This is the Theologian and theology that sparked young Martin Luther King jr. back toward the pulpit having decided he was not going to follow his father there.
James, why are you harping on this? For the same reason that Tolstoy did. For the same reasons that if I craved the truth about physics and yet all history had very distorted perverted contorted the discoveries of Einstein I would with my last breath try to discover, uncover, what Einstein really had to say. And also, because Christianity is a gigantic historical fact and ongoing Force. A horribly perverting force the profoundly rare exception proves the rule. James has so often stated and written and Lived he finds the idea of reforming Christianity an ultimate death trap. He has personally seen it destroyed the most promising Souls. Wiza care deeply about the few and Humanities that can be brought to joyful life or have that choice protected, that child's likeness, we can ill afford two things, ignorance of what the moral Einstein really had to say, and Ignorance of the force, the church, that continues to pervert burry destroye cripples that.
This young turn of the century Theologian finally give James the authoritative Clarity, understanding, history of the atrocity that is the church from the beginning, along with a even much richer understanding of what it was Jesus was showing and telling us. this finally after James has spent thousands and thousands of hours with other scholarship which was helpful but not nearly so complete, historical, clear. That Einstein of morality.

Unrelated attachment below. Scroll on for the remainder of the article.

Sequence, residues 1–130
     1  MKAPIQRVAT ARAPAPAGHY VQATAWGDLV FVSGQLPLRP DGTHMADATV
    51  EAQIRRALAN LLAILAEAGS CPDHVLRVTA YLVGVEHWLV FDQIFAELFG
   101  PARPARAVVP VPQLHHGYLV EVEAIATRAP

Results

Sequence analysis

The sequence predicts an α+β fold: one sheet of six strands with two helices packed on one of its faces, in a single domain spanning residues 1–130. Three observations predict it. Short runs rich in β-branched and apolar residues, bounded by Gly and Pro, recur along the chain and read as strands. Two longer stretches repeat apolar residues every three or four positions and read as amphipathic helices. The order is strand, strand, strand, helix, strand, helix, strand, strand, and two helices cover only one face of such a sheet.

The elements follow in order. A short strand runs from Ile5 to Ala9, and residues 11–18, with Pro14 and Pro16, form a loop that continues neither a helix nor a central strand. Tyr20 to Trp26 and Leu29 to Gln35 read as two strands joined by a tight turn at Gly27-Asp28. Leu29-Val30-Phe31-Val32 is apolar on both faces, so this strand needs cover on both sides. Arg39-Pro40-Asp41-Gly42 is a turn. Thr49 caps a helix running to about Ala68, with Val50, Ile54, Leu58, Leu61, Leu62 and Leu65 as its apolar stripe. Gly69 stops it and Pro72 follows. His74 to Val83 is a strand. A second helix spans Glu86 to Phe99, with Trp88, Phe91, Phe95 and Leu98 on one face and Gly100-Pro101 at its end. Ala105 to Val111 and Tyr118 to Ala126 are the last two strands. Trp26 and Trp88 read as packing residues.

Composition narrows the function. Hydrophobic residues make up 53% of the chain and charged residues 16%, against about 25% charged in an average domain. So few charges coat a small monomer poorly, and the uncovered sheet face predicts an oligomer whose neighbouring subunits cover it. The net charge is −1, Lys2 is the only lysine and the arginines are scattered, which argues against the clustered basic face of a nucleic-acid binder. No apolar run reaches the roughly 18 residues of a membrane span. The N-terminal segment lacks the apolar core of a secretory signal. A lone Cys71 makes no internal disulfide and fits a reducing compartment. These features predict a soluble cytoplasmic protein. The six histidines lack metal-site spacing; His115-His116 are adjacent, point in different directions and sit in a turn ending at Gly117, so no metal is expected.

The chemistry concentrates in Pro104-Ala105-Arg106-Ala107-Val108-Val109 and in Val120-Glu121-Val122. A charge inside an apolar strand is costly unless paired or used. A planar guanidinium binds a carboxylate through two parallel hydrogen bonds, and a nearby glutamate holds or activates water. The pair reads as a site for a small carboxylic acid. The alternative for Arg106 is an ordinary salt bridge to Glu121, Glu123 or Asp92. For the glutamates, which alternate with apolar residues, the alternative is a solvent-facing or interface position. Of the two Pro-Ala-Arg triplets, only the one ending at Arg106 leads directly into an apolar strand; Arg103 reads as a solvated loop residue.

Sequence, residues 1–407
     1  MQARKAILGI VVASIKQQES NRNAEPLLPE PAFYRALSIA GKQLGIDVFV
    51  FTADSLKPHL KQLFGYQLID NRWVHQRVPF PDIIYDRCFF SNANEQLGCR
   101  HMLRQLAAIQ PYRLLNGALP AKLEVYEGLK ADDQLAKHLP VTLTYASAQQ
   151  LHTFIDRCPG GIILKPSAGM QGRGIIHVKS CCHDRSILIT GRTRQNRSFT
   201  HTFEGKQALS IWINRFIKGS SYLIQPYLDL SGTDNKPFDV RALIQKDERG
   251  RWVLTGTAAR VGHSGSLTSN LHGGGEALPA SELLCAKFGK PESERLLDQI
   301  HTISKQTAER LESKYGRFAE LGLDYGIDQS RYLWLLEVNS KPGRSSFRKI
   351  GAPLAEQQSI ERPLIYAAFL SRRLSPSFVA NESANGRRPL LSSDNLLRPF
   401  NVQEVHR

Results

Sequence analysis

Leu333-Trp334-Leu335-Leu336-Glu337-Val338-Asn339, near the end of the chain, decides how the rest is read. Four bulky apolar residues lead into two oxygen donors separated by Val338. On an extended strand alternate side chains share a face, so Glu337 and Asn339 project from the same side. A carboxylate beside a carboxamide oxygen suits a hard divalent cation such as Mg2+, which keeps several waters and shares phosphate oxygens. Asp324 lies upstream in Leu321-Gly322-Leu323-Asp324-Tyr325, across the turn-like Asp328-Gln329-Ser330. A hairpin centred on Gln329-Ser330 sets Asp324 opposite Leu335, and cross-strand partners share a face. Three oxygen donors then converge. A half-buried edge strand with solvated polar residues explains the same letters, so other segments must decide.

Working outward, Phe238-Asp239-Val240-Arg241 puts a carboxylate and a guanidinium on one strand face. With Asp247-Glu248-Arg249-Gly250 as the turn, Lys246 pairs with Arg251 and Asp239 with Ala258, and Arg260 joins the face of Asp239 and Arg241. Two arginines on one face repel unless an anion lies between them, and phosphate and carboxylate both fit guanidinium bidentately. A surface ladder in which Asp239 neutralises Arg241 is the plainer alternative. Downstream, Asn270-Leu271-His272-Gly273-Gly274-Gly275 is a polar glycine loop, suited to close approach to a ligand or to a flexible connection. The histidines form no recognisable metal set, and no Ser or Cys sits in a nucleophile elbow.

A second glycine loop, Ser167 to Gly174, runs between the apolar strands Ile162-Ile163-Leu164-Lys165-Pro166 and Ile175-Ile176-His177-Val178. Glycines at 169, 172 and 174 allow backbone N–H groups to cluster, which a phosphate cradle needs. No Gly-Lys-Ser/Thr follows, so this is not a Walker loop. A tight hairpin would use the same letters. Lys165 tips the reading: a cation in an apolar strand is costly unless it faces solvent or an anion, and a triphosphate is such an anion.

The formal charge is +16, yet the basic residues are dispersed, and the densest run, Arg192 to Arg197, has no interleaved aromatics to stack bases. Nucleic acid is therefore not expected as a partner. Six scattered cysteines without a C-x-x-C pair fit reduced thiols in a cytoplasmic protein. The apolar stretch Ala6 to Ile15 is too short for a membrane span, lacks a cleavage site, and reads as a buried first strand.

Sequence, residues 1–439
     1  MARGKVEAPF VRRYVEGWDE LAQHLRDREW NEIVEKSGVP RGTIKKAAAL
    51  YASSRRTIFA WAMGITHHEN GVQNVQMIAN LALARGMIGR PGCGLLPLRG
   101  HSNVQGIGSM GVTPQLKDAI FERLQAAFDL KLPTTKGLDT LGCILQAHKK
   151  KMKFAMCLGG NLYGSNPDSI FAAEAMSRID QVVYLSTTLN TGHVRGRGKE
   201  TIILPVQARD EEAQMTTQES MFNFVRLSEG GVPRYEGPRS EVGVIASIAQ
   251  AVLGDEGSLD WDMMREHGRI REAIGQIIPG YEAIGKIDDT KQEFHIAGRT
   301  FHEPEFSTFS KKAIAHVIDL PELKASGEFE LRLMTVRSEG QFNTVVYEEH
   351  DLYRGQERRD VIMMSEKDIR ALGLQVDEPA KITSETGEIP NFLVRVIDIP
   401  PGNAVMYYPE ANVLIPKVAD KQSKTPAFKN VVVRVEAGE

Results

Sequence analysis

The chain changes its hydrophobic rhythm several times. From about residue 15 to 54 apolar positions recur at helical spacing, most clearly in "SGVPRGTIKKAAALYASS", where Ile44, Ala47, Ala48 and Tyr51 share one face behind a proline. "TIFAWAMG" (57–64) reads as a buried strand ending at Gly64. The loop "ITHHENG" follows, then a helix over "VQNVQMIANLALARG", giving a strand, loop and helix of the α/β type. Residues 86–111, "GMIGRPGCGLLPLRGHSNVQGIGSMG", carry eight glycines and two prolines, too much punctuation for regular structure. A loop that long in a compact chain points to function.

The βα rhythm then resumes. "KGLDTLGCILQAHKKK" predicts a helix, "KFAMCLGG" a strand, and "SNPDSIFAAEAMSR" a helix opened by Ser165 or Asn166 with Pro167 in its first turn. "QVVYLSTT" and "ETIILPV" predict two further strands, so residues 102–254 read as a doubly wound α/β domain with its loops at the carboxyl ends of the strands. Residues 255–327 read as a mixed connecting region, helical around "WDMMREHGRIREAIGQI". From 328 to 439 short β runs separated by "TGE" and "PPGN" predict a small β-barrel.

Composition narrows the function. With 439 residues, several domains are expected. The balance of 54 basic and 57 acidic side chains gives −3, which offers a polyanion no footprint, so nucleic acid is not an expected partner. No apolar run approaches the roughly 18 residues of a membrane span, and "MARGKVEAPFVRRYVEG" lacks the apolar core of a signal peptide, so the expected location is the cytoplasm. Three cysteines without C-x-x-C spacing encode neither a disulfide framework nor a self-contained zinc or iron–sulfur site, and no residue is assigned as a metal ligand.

"Jesus always spoke of the Kingdom of God. Only two of his reported sayings contain the word " Church," and both passages are of questionable authenticity. It is safe to say that he never thought of founding the kind 131 132 A THEOLOGY FOR THE SOCIAL GOSPEL of institution which afterward claimed to be acting for him. Yet immediately after his death, groups of disciples joined and consolidated by inward necessity. Each local group knew that it was part of a divinely founded fellowship mysteriously spreading through humanity, and awaiting the return of the Lord and the establishing of his Kingdom. This universal Church was loved with the same religious faith and reverence with which Jesus had loved the Kingdom of God. It was the partial and earthly realization of the divine Society, and at the Parousia the Church and the Kingdom would merge. But the Kingdom was merely a hope, the Church a present reality. The chief interest and affection flowed toward the Church. Soon, through a combination of causes, the name and idea of " the Kingdom " began to be displaced by the name and idea of " the Church " in the preaching, literature, and theological thought of the Church. Augustine completed this process in his De Civitate Dei. The Kingdom of God which has, throughout human history, opposed the Kingdom of Sin, is today embodied in the Church. The millennium began when the Church was founded. This practically substituted the actual, not the ideal Church for the Kingdom of God. The beloved ideal of Jesus became a vague phrase which kept intruding from the New Testament. Like Cinderella in the kitchen, it saw the other great dogmas furbished up for the ball, but no prince of theology restored it to its rightful place. The Reformation, too, brought no renascence of the doctrine of the Kingdom; it had only eschatological value, or was defined in THE KINGDOM OF GOD 1 33 blurred phrases borrowed from the Church. The present revival of the Kingdom idea is due to the combined influence of the historical study of the Bible and of the social gospel. When the doctrine of the Kingdom of God shriveled to an undeveloped and pathetic remnant in Christian thought, this loss was bound to have far-reaching consequences. We are told that the loss of a single tooth from the arch of the mouth in childhood may spoil the symmetrical development of the skull and produce malformations affecting the mind and character. The atrophy of that idea which had occupied the chief place in the mind of Jesus, necessarily affected the conception of Christianity, the life of the Church, the progress of humanity, and the structure of theology. I shall briefly enumerate some of the consequences affecting theology. This list, however, is by no means complete. 1. Theology lost its contact with the synoptic thought of Jesus. Its problems were not at all the same which had occupied his mind. It lost his point of view and became to some extent incapable of understanding him. His ideas had to be rediscovered in our time. Traditional theology and the mind of Jesus Christ became incommensurable quantities. It claimed to regard his revelation and the substance of his thought as divine, and yet did not learn to think like him. The loss of the Kingdom idea is one key to this situation. 2. The distinctive ethical principles of Jesus were the direct outgrowth of his conception of the Kingdom of God. When the latter disappeared from theology, the 134 A THEOLOGY FOR THE SOCIAL GOSPEL former disappeared from ethics. Only persons having the substance of the Kingdom ideal in their minds, seem to be able to get relish out of the ethics of Jesus. Only those church bodies which have been in opposition to organized society and have looked for a better city with its foundations in heaven, have taken the Sermon on the Mount seriously. 3. The Church is primarily a fellowship for worship ; the Kingdom is a fellowship of righteousness. When the latter was neglected in theology, the ethical force of Christianity was weakened; when the former was emphasized in theology, the importance of worship was exaggerated. The prophets and Jesus had cried down sacrifices and ceremonial performances, and cried up righteousness, mercy, solidarity. Theology now reversed this, and by its theoretical discussions did its best to stimulate sacramental actions and priestly importance. Thus the religious energy and enthusiasm which might have saved mankind from its great sins, were used up in hearing and endowing masses, or in maintaining competitive church organizations, while mankind is still stuck in the mud. There are nations in which the ethical condition of the masses is the reverse of the frequency of the masses in the churches. 4. When the Kingdom ceased to be the dominating religious reality, the Church moved up into the position of the supreme good. To promote the power of the Church and its control over all rival political forces was equivalent to promoting the supreme ends of Christianity. This increased the arrogance of churchmen and took the moral check off their policies. For the King- THE KINGDOM OF GOD I35 dom of God can never be promoted by lies, craft, crime or war, but the wealth and power of the Church have often been promoted by these means. The medieval ideal of the supremacy of the Church over the State was the logical consequence of making the Church the highest good with no superior ethical standard by which to test it. The medieval doctrines concerning the Church and the Papacy were the direct theological outcome of the struggles for Church supremacy, and were meant to be weapons in that struggle. 5. The Kingdom ideal is the test and corrective of the influence of the Church. When the Kingdom ideal disappeared, the conscience of the Church was muffled. It became possible for the missionary expansion of Christianity to halt for centuries without creating any sense of shortcoming. It became possible for the most unjust social conditions to fasten themselves on Christian nations without awakening any consciousness that the purpose of Christ was being defied and beaten back. The practical undertakings of the Church remained within narrow lines, and the theological thought of the Church was necessarily confined in a similar way. The claims of the Church were allowed to stand in theology with no conditions and obligations to test and balance them. If the Kingdom had stood as the purpose for which the Church exists, the Church could not have fallen into such corruption and sloth. Theology bears part of the guilt for the pride, the greed, and the ambition of the Church. 6. The Kingdom ideal contains the revolutionary force of Christianity. When this ideal faded out of 136 A THEOLOGY FOR THE SOCIAL GOSPEL the systematic thought of the Church, it became a conservative social influence and increased the weight of the other stationary forces in society. If the Kingdom of God had remained part of the theological and Christian consciousness, the Church could not, down to our times, have been salaried by autocratic class governments to keep the democratic and economic impulses of the people under check. 7. Reversely, the movements for democracy and social justice were left without a religious backing for lack of the Kingdom idea. The Kingdom of God as the fellowship of righteousness, would be advanced by the abolition of industrial slavery and the disappearance of the slums of civilization; the Church would only indirectly gain through such social changes. Even today many Christians can not see any religious importance in social justice and fraternity because it does not increase the number of conversions nor fill the churches. Thus the practical conception of salvation, which is the effective theology of the common man and minister, has been cut back and crippled for lack of the Kingdom ideal. 8. Secular life is belittled as compared with church life. Services rendered to the Church get a higher religious rating than services rendered to the community.-^ Thus the religious value is taken out of the activities of the common man and the prophetic services to society. Wherever the Kingdom of God is a living reality in 1 After the death of Susan B. Anthony a minister commented on her life, regretting that she was not orthodox in her beliefs. In the same address he spoke glowingly about a new linoleum laid in the church kitchen. THE KINGDOM OF GOD 1 37 Christian thought, any advance of social righteousness is seen as a part of redemption and arouses inward joy and the triumphant sense of salvation. When the Church absorbs interest, a subtle asceticism creeps back into our theology and the world looks different. 9. When the doctrine of the Kingdom of God is lacking in theology, the salvation of the individual is seen in its relation to the Church and to the future life, but not in its relation to the task of saving the social order. Theology has left this important point in a condition so hazy and muddled that it has taken us almost a generation to see that the salvation of the individual and the redemption of the social order are closely related, and how. 10. Finally, theology has been deprived of the inspiration of great ideas contained in the idea of the Kingdom and in labor for it. The Kingdom of God breeds prophets; the Church breeds priests and theologians. The Church runs to tradition and dogma; the Kingdom of God rejoices in forecasts and boundless horizons. The men who have contributed the most fruitful impulses to Christian thought have been men of prophetic vision, and their theology has proved most effective for future times where it has been most concerned with past history, with present social problems, and with the future of human society. The Kingdom of God is to theology what outdoor colour and light are to art. It is impossible to estimate what inspirational impulses have been lost to theology and to the Church, because it did not develop the doctrine of the Kingdom of God and see the world and its redemption from that point of view. 138 A THEOLOGY FOR THE SOCIAL GOSPEL These are some of the historical effects which the loss of the doctrine of the Kingdom of God has inflicted on systematic theology. The chief contribution which the social gospel has made and will make to theology is to give new vitality and importance to that doctrine. In doing so it will be a reformatory force of the highest importance in the field of doctrinal theology, for any systematic conception of Christianity must be not only defective but incorrect if the idea of the Kingdom of God does not govern it. The restoration of the doctrine of the Kingdom has already made progress. Some of the ablest and most voluminous works of the old theology in their thousands of pages gave the Kingdom of God but a scanty mention, usually in connection with eschatology, and saw no connection between it and the Calvinistic doctrines of personal redemption. The newer manuals not only make constant reference to it in connection with various doctrines, but they arrange their entire subject matter so that the Kingdom of God becomes the governing idea.